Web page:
Competing for the title of busiest man in comedy, LENNY HENRY, aka Delbert Wilkins, the Rev Nathaniel Westminster and Theophilus P. Wilderbeeste, is squeezing in a major Fringe gig between his film, TV and radio commitments. Mark Fisher competes for his attention with a traffic warden.


ello can I help you? I’m just unloading here. . . sorry, I’m being attacked by a traffic warden, excuse me. . . yes, OK . . . well, we’re only unloading and then we’ll go and park the car. . . well, that’s because I’m doing a show here, I don’t know if you noticed, and I have to unload the stuff out of the car otherwise I can’t get in, Ican’t do the show. . . I appreciate that, but unless we can do the get-in, I can’t do the show . . . he’s going to park the car in a second. . . OK, thankyou.’

That’ll teach Lenny Henry to use a car phone. Slap bang in the middle of our interview, he’s been interrupted by a Basingstoke jobsworth of a warden who scores twice in the yellow peril stakes once for nabbing an illegally parked car and once for nabbing a famous face. ‘Sorry about that,’ says Henry in his dirty Midlands drawl. ‘I don’t think people realise, whenever I’m faced with bureaucracy a tape recorder goes on in my head and I think, this is funny what can I do with this?’

If he does make use of the incident, there’s no telling where it might end up. He might have been off the TV screens since the last charity jamboree, but behind the scenes he’s surpassing even Ben Elton in quantity of comedy output. Like Bob Geldof, Jim Kerr and Midge Ure before him, Henry is increasingly known as the acceptable face of magnanimity, but he’s quick to point out that his career has been far from side-tracked. ‘If suddenly people think that all I am is a big red nose, they’re sadly mistaken,’ he says. ‘If you’re not doing some dodgy sitcom on the telly, people seem to think you’re dead, but I’ve been really busy. I’ve just made a film for Screen One called Alive and Kicking with Robbie Coltrane where I play a drug user/dealer and Robbie plays a drug rehabilitation guy. It’s really serious, heavyweight drama. I’m doing a sit-com, starting next year, which is going to be brilliant. I can’t tell you what the title is, because we haven’t decided ourselves yet, but I can tell you food plays a big part in it. I’m doing a special for Christmas and another one next year. I’ve organised a black writers’ workshop, I’ve done Comic Relief, I’ve made a documentary for the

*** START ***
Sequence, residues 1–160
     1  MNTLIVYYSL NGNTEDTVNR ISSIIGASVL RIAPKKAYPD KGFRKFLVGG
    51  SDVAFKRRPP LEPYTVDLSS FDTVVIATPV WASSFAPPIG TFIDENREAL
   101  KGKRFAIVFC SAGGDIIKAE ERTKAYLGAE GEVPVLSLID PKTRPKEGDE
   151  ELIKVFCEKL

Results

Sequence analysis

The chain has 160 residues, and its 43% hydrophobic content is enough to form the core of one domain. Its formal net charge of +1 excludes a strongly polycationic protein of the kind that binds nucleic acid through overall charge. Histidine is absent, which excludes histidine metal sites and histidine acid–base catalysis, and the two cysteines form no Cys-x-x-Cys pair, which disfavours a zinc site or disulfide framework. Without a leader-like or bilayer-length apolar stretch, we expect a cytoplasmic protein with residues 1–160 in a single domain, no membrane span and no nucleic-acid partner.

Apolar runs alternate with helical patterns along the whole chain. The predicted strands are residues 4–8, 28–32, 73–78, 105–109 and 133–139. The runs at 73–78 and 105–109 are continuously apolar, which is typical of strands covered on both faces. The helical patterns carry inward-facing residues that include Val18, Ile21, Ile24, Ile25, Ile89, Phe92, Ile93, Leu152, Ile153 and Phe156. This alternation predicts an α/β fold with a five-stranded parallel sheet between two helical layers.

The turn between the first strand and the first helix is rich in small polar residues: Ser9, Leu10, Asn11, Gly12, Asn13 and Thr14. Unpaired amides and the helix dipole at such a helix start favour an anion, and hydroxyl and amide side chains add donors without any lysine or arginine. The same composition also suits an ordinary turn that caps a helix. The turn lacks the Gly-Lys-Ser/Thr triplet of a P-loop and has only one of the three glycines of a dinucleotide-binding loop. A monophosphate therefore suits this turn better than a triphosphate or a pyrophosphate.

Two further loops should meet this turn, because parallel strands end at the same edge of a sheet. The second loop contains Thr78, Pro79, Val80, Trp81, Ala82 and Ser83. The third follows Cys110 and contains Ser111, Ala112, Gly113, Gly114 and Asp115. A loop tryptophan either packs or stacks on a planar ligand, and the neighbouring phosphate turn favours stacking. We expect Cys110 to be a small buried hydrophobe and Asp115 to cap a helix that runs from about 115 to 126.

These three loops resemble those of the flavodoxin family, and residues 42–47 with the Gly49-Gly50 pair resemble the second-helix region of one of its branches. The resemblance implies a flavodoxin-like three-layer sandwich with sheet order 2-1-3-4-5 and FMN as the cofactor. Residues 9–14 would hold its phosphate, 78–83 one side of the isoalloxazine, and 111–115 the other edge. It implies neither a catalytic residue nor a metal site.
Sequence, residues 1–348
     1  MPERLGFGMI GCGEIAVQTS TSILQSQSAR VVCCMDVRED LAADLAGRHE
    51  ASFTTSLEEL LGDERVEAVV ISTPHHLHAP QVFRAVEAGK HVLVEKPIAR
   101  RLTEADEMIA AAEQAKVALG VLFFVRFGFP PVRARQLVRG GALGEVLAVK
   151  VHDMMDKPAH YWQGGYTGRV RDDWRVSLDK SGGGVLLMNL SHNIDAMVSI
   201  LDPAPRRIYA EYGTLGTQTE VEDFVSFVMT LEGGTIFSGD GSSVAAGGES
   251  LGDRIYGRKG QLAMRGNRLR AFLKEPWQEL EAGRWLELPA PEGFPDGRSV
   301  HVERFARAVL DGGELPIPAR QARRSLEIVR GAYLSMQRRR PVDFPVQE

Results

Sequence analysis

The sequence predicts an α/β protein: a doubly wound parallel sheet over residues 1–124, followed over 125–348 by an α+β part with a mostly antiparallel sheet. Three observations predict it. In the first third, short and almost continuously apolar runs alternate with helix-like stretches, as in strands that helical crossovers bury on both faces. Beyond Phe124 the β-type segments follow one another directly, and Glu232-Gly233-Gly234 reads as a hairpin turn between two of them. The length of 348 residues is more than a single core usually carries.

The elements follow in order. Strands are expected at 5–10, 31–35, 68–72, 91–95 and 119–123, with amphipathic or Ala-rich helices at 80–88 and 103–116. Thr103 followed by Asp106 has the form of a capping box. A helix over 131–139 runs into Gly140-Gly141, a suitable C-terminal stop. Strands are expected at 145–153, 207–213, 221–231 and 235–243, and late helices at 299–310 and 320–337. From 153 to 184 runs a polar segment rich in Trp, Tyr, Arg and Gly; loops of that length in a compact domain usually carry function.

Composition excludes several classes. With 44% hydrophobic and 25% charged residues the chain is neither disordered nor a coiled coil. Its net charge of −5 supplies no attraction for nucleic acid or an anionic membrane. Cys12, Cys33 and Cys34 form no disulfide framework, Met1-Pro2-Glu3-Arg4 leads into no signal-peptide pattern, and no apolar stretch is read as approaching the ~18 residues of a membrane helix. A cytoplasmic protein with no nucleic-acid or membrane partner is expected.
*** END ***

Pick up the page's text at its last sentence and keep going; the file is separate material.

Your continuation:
8 The List 23 29 August 1991


South Bank Show about funk and I’ve done a radio play called AlmostAlways.’

Add to this a lead part in a Hollywood movie, True Identity, which he’s just been promoting in the States and is due for release here in September, and a spanking new 90-minute one-man show to put the icing on the Edinburgh Fringe, and you have one seriously busy comedian. Co-written with John Cantor, script-editor for Mel and Griff and Fry and Laurie, the stand-up show

is 100 per cent Henry. “I used to love doing a show where I just came on in the second half,’ he explains, ‘but I thought when I turn 30 I’m going to have to think about doing a longer show. You have to be more responsible, put away childish things. Sitting in the dressing room drinking cups of tea, slurping orange juice, while you hear some guy struggling away in the first half, I’m afraid has to go behind you. So I decided I wanted to do the whole show and it’s been very hard work.‘

Looking forward to the chance of interacting with a live audience after so much screen work, Henry promises a host of new characters to add to his ever-popular stable of spaced-out Rastafarians, doddery Caribbeans and narcissistic soul singers. There’s also a tangible political edge, appropriate for Britain’s foremost black comedian. ‘I do a police recruitment song, because they’re having such a bad time recruiting ethnic minorities,’ he says. ‘It’s based on a Shabba Ranks song, so I’m doing my bit by doing a rub-a-dub dub-wise version of how to get blacks into the police force. There’s quite a lot about criminality and the cult of the serial killer which has come on through Henry: Portrait of a Serial Killer and Silence of the Lambs. And there’s a pointless rant about how black cabs in London spend five years doing The Knowledge and minicab drivers spend five minutes doing something called The Ignorance.’

Henry has come a long way since he came to national prominence on New Faces at the age of 16 with a set that fitted snugly into the tradition of white, racist comedy, be it his innocuous impersonations of Frank Spencer or more loaded characterisations of black stereotypes. Now at home with the Comic